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Twitter (TWTR)

Q4 2013 Earnings Call

February 05, 2014 5:01 pm ET


Krista Bessinger

Richard Costolo - Chief Executive Officer and Director

Mike Gupta - Chief Financial Officer


Heath P. Terry - Goldman Sachs Group Inc., Research Division

Ross Sandler - Deutsche Bank AG, Research Division

Douglas Anmuth - JP Morgan Chase & Co, Research Division

Mark S. Mahaney - RBC Capital Markets, LLC, Research Division

A. Justin Post - BofA Merrill Lynch, Research Division

Carlos Kirjner - Sanford C. Bernstein & Co., LLC., Research Division

Eric James Sheridan - UBS Investment Bank, Research Division

Benjamin A. Schachter - Macquarie Research



Good day, ladies and gentlemen, and welcome to the Twitter Fourth Quarter Earnings Conference Call. [Operator Instructions] As a reminder, this conference call is being recorded. I would now like to introduce your host for today's conference, Krista Bessinger, Senior Director of Investor Relations. Ma'am, you may begin.

Krista Bessinger

Great. Thank you, Sam, and good afternoon. Welcome to all of you who are joining us either by phone, via webcast or via Twitter. On behalf of the entire management team, I would like to thank you for joining us on our first earnings call.

We have with us today our Chief Executive Officer, Dick Costolo; and Chief Financial Officer, Mike Gupta. Before we begin, please note that we'll start with approximately 30 minutes of prepared remarks, followed by 30 minutes of Q&A.

During the Q&A, we will take questions submitted via Twitter in addition to questions submitted by conference call participants. Questions submitted via Twitter should be directed to @TwitterIR, using the hashtag #TWTRearnings.

Please also note that during the course of today's call, we will make forward-looking statements which generally relate to future events or our future financial or operating performance. These include our outlook for Q1 and 2014 and our operational plans and strategy. Actual results may differ materially from those contemplated in our forward-looking statements, and reported results should not be considered as an indication of future performance. A discussion of risks and uncertainties related to our business is contained in our filings with the Securities and Exchange Commission, and we refer you to these filings.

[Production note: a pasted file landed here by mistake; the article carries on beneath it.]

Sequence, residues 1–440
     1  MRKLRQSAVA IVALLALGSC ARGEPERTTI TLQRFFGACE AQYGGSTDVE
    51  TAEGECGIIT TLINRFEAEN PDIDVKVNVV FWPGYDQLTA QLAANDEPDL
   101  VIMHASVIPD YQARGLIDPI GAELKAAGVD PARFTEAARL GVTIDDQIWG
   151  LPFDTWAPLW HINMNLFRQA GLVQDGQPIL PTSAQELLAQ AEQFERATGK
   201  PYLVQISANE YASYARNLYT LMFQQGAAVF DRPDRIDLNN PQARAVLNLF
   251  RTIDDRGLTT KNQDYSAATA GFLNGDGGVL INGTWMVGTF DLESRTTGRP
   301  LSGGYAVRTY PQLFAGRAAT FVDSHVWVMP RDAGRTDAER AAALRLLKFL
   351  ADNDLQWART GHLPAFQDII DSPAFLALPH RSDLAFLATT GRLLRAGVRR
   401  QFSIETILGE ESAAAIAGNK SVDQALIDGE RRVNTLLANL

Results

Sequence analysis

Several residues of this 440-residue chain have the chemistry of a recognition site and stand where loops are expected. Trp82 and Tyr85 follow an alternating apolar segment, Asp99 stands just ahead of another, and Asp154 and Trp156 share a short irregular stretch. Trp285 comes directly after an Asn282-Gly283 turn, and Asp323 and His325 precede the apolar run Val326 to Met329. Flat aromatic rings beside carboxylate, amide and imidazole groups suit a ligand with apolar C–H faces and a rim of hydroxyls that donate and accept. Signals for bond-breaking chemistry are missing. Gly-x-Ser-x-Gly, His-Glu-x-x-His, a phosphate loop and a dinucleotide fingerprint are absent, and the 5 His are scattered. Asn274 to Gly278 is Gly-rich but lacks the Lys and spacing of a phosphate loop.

The forward-looking statements on this call are based on information available to us as of today's date, and we disclaim any obligation to update any forward-looking statements except as required by law. Also, I'd like to remind you that during the course of this call, we will discuss certain non-GAAP financial measures. Reconciliations to the most directly comparable GAAP financial measure are provided in the tables on our Investor Relations website. These non-GAAP measures are not intended to be a substitute for our GAAP results.

This conference call is being webcast through our Investor Relations website and through Twitter. An audio replay of this call will also be available via Twitter and on our website in a few hours. And finally, please note that Twitter have used and intends to continue to use its Investor Relations website,, as well as certain Twitter accounts, including @dickc, @Twitter and @TwitterIR as a means of disclosing material non-public information and for complying with disclosure obligations under Regulation FD.

And with that, I would like to turn the call over to Twitter's Chief Executive Officer, Dick Costolo.

Richard Costolo

Thanks, Krista. Good afternoon, everyone, and welcome to our fourth quarter and full year 2013 earnings call. Since this is our first call as a public company, I want to give you an overview here of how this will go today.

For the benefit of those who didn't see our IPO roadshow, I'll start with a quick overview of what Twitter is and what makes us unique. I'll then speak quickly to the company's fourth quarter performance and our top priorities for 2014 before turning it over to our CFO, Mike Gupta, who will go a bit deeper on our quarterly performance and outlook. Then once Mike is done, I'll end with a few closing comments on how we're viewing the market, how we're thinking about the long-term opportunity, and then we'll open the lines for your questions.

Okay. Twitter is the only platform that is simultaneously public, real-time, conversational and widely distributed. No other platform combines all these elements at scale. Anyone can create a tweet, and tweets can be read by anyone, and this has created a level playing field, essentially democratizing content creation and distribution.

As a result, Twitter enables a single voice to echo around the world instantly and unfiltered. As a case in point, we saw some powerful user moments in Q4, whether it was the more than 5.4 million tweets shared on the news of Nelson Mandela's passing in December, the 1.7 million tweets sent in just a couple hours as soccer fans around the globe anxiously awaited the fate of their country's team in the World Cup draw. Hundreds of millions of users continue to flock to Twitter every month to experience moments in their lives and moments in the world. When events happen, the event itself and the conversation surrounding the event unfold on Twitter.

A great TV example is NBC's show, The Voice, one of the most-watched programs on television. During an episode in November, The Voice gave fans a 5-minute window in the live show to save their favorite contestant by tweeting that performer's name with the hashtag #VoiceSave. The show's celebrity coaches also joined in, tweeting their followers to rally support for their favorite contestants. And hundreds of thousands of tweets later, Kat Robichaud, a young woman from Raleigh, North Carolina, was the first reality competition contestant saved by a Twitter vote.

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